It’s gratitude time, but not how you expect. The focus at Thanksgiving is usually on appreciating and giving thanks for what we have. This post looks at what you perhaps DON’T have. Stay with me as I explain.
Now that your children are older, do you enjoy having your schedule, time, and flexibility back? Is your life now one of more ease with fewer responsibilities? Do you find your energy lifting as you carve out a wee bit more “me” time?
Well fuggetaboutit if you are a caregiver! For the 40 million unpaid caregivers in the US, a moment of downtime, without demands or responsibilities is an elusive memory.
Many caregivers are boomer women, often sandwiched between the needs of their parents and their own kids. My sister is a prime example. She cares for her 19 year old special-needs son and orchestrates care for her husband who suffered several strokes this past year. What don’t you have that people like my sister and the women listed below do?
Yup! Happy Thanksgiving, which comes at the end of National Family Caregivers month. In honor of the many caregivers in our nation, the Ad Council and AARP ask for your support of the Random Acts of Kindness initiative. No, they’re not asking for funds, but for kindness – the kind that makes you feel good, while helping lift another. What can you do to give a caregiver a break? Glad you asked!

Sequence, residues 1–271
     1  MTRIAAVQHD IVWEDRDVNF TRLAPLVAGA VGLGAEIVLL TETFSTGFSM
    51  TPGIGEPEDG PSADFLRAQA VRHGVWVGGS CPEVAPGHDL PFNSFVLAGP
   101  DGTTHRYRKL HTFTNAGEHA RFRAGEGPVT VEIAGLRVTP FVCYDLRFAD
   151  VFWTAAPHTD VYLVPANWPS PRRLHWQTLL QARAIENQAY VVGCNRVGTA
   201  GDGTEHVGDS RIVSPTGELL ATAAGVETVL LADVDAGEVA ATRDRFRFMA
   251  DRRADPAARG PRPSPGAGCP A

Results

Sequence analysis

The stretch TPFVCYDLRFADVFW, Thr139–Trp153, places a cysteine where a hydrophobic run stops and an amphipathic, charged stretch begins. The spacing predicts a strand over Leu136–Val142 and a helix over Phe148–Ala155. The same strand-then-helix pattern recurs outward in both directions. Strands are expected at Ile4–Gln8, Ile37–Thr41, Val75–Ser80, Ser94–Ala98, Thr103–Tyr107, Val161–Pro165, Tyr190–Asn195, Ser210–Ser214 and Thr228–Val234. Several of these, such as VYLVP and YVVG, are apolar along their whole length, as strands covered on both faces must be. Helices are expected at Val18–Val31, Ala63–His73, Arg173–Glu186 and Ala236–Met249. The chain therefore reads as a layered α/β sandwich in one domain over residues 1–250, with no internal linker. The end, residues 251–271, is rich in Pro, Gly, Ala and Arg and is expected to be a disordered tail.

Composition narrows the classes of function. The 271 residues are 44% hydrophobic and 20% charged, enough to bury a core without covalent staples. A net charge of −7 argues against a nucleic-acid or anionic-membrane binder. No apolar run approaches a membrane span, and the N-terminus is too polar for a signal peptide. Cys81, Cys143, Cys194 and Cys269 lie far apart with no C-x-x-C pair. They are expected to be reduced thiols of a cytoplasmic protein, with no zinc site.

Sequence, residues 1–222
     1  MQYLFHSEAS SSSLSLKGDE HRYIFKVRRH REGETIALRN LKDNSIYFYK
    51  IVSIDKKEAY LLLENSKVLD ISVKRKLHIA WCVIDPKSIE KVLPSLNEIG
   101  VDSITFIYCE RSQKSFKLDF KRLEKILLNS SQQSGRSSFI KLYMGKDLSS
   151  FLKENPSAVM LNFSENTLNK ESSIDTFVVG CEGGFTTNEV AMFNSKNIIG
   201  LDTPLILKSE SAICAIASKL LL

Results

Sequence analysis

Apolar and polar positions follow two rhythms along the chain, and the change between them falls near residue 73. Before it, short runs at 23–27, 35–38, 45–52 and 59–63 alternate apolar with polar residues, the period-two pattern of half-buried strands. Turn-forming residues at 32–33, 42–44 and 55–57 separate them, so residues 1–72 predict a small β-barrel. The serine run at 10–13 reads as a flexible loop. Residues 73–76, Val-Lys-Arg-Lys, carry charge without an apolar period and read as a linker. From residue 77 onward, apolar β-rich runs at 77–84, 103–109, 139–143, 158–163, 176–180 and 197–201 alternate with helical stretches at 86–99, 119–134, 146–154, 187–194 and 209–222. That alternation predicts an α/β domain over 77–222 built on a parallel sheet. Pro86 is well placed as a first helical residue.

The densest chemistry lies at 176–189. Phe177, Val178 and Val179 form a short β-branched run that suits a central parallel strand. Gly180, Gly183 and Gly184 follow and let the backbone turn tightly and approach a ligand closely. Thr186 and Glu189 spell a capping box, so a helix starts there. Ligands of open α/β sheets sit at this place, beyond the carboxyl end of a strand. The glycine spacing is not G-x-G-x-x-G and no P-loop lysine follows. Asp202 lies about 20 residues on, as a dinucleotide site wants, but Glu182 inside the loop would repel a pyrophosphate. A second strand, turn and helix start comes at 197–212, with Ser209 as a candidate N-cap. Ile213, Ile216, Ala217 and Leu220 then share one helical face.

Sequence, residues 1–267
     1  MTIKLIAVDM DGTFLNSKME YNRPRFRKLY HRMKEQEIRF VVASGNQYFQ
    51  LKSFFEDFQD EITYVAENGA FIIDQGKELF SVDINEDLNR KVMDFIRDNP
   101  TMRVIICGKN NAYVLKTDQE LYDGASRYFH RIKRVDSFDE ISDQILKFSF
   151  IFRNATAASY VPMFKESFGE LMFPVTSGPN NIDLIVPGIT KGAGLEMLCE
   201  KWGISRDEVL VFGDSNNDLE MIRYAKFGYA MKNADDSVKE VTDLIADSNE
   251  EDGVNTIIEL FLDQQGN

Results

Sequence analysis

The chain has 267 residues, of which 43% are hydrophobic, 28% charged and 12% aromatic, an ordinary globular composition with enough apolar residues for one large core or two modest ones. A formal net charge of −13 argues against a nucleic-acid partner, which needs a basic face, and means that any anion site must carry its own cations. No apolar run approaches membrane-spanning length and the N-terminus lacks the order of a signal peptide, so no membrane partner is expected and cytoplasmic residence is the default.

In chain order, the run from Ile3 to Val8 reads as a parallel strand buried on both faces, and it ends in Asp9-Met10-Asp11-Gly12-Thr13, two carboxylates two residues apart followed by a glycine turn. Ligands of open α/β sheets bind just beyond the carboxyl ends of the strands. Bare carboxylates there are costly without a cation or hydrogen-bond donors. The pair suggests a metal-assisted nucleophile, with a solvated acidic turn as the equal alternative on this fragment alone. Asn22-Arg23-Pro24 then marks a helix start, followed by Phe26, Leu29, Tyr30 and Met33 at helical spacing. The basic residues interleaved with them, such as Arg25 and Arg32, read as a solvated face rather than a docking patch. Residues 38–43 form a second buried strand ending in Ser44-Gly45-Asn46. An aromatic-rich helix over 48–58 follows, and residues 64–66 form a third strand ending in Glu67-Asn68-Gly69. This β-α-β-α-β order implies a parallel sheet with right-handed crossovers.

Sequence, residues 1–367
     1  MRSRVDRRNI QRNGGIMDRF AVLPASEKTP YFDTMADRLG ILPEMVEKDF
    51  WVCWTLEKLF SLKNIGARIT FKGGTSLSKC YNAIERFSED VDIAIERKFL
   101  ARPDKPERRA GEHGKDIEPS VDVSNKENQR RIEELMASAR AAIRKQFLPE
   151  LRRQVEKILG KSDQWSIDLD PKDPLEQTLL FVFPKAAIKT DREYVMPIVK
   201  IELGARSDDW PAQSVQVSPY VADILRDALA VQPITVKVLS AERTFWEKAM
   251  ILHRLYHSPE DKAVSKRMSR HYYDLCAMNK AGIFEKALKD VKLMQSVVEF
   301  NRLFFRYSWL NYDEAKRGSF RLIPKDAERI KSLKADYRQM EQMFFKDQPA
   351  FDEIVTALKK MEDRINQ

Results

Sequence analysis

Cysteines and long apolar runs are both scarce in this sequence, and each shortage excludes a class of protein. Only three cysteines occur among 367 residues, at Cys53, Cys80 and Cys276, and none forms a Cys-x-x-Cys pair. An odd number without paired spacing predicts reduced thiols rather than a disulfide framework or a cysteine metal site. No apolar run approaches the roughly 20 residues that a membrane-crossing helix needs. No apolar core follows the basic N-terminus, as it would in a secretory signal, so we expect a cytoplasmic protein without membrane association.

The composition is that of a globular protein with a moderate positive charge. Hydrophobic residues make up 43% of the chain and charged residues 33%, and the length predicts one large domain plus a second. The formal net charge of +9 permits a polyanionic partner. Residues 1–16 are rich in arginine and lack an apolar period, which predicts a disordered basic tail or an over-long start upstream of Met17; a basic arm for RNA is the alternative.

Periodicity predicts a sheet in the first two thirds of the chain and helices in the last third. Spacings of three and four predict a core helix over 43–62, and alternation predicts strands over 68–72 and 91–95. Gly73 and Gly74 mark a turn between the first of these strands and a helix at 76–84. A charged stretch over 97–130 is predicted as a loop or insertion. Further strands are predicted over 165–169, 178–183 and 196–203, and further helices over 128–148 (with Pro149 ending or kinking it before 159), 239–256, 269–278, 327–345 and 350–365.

One other thing — read the following stories and random acts of kindness suggestions from women who have been in the trenches. Click on the title of each listed post. You’ll be inspired, uplifted, amazed, and — as is perfect for the season — grateful. For what your life does and does not have. And for who and what it does![listly id=”uaO” layout=”gallery” per_page=”25″ show_item_tabs=”false” show_item_filter=”false” show_list_headline=”false” show_list_badges=”false”]
Looking for more insight into the lives, success strategies, and ways caregivers can stay healthy themselves? Perhaps you are also a caregiver deserving a kind deed! Then take a look at these posts from our site.
ACTION: Click on the links and listly posts above. Comment on the listly stories. Perform a random act of kindness for those who caregive. Let others know you are aware and care!
This is a sponsored post on behalf of Element Associates and Midlife Boulevard.
Kymberly Williams-Evans, MA
Dear Alexandra and Kymberly: I just lost my husband, Julian to cancer. Due to all the hospital appointments, my eating habits also got lost! I have put on a lot of weight, but feel so tired and lethargic I can’t get into the mood to do exercise. I have damage to my neck, knees, and lower back (due to a fall) plus my midriff and waist have become “large” and I have lost my waistline. At 69 years young this is depressing me. I am also worried about a “ledge” at the bottom of my tummy and scared it will be “resting” on the top of my legs when I sit down!!!